In September of this year, Sony Pictures will release Cloudy with a Chance of Meatballs, which tragically seems to bear almost no resemblance to the book, Cloudy with a Chance of Meatballs. First published in 1978, written by Judi Barrett, illustrated by Ron Barrett, the book is charming, scary and goofy all at once. It was a staple bedtime story in my house when I was growing up.
The trailer for “Cloudy” shows the story of a clumsy mad scientist who invents a machine that turns water into food, then unleashes it upon his unsuspecting town. In the original book, we listen in with two kids as grandpa tells the tale of Chewandswallow, a town where three square meals a day rain down from the sky – a perfectly lovely, if strange, place to live – until suddenly everything goes haywire. Which story do you want to hear more? I don’t understand the obsession with throwing gadgetry into every single kids’ movie out there. The book is notably without gadgets (the denizens of Chewandswallow end up floating out to sea on large pieces of toast). The idea of making houses out of giant bagels and sailboats out of sandwiches sparks a kind of creativity that is absent from the story of an inventor who comes up with a big box with blinking lights that does something improbable.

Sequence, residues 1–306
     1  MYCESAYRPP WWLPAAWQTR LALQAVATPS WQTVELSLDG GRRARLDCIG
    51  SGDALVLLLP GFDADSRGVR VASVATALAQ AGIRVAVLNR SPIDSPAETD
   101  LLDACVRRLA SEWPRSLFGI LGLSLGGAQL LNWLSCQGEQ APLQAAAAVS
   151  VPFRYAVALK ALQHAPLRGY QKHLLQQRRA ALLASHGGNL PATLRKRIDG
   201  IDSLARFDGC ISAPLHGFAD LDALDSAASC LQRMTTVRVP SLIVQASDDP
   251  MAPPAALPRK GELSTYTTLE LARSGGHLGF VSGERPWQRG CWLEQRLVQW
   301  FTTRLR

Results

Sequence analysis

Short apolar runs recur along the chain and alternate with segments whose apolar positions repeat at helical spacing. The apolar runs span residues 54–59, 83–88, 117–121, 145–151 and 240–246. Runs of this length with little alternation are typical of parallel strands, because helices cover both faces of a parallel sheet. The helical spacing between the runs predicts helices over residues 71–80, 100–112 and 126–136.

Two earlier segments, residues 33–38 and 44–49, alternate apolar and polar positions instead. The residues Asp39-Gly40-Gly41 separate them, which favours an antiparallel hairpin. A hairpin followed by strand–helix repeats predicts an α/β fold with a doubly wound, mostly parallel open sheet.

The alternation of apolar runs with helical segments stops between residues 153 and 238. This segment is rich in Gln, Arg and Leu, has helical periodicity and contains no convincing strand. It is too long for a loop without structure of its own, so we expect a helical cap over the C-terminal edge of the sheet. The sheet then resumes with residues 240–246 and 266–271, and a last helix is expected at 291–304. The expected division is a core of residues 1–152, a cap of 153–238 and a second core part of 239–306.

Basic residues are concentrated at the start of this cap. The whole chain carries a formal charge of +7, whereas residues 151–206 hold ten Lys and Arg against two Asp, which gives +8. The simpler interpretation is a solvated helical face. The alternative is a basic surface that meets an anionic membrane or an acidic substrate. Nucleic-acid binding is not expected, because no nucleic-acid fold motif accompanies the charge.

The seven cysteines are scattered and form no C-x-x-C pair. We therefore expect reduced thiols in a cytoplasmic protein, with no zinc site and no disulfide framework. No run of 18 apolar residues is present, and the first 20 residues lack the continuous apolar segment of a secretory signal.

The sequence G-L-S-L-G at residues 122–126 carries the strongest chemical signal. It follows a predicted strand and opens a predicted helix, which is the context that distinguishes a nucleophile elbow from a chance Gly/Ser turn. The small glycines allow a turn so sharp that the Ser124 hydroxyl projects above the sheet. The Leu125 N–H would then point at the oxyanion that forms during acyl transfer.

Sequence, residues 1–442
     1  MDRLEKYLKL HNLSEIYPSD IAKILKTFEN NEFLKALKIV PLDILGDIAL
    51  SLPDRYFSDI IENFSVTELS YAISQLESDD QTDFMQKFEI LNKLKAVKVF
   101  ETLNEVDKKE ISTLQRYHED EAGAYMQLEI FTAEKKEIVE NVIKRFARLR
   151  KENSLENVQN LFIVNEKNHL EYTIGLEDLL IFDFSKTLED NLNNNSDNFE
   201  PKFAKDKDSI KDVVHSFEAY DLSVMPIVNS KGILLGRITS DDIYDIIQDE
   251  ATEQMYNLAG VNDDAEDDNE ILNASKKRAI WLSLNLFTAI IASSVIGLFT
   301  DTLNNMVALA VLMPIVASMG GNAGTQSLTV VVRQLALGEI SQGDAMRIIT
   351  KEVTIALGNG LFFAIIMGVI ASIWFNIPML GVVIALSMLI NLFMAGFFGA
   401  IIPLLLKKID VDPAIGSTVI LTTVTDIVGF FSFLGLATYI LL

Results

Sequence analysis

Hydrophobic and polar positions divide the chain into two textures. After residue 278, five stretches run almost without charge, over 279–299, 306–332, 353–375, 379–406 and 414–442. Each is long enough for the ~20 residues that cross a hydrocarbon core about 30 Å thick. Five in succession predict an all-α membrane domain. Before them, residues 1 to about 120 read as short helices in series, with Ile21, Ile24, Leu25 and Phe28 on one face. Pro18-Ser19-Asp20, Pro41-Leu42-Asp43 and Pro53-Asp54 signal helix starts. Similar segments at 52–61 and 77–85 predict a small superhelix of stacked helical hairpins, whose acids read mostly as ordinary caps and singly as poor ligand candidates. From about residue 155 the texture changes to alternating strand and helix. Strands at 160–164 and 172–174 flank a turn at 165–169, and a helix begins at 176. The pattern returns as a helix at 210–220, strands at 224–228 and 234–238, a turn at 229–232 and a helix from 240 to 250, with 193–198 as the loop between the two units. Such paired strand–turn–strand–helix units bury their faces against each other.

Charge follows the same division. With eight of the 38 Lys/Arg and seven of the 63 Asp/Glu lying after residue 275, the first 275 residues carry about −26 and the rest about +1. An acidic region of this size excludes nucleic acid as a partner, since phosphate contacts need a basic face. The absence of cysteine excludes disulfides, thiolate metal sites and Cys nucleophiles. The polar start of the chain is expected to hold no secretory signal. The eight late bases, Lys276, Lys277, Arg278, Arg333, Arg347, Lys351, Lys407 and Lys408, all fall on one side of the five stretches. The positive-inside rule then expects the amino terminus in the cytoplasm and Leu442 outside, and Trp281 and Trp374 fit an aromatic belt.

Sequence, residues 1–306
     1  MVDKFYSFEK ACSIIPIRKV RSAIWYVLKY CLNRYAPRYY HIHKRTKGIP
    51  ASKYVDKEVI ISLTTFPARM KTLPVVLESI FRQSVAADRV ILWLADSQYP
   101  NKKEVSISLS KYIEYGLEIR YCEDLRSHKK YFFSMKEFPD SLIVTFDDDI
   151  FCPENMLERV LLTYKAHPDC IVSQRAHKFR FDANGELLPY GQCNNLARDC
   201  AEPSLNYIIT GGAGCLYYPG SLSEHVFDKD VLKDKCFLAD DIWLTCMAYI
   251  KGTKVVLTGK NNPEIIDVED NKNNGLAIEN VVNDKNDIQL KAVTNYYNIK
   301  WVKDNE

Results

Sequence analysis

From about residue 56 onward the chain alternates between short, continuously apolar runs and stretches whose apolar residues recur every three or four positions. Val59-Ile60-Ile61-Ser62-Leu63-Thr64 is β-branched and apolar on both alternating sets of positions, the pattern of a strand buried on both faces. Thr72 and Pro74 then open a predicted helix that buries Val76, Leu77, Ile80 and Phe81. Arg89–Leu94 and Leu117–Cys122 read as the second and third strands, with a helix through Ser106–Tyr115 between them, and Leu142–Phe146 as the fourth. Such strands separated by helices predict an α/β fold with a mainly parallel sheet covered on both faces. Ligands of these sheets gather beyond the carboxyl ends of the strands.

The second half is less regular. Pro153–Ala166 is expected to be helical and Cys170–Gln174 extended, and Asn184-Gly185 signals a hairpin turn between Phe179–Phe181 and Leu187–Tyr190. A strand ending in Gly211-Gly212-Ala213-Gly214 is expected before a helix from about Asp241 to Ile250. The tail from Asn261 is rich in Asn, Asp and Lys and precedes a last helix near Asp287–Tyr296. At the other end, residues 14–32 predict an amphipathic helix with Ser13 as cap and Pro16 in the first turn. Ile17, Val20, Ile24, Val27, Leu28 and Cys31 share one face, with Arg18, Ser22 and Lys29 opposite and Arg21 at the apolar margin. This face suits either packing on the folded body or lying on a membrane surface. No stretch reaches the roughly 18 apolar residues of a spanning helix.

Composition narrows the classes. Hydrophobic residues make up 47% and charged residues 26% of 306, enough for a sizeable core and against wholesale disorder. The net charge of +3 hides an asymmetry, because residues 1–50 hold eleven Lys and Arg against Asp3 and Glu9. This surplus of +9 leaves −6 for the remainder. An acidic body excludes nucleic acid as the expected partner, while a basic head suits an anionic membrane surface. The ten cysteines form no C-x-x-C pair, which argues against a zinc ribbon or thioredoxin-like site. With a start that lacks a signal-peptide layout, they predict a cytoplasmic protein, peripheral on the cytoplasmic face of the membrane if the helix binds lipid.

I’m reminded of Marc Hirsh’s thoughtful response to the Watchmen film over at Monkey See. He asks why we need to turn everything into a movie – especially perfectly good graphic novels that have an artistic life of their own. What are picture books, anyway, other than graphic novels for kids?
For an example of how NOT to ruin a beloved childhood book in trailer form, check out the creepy, musty, delightful trailer for Where the Wild Things Are. Much has been made of this trailer, and how good the movie MUST be. I’m going to reserve judgment, but there’s a warmth to the “Wild Things” trailer that is missing from “Cloudy with a Chance of Meatballs.” The aesthetic reminds me of the old Jim Henson “Storyteller” series: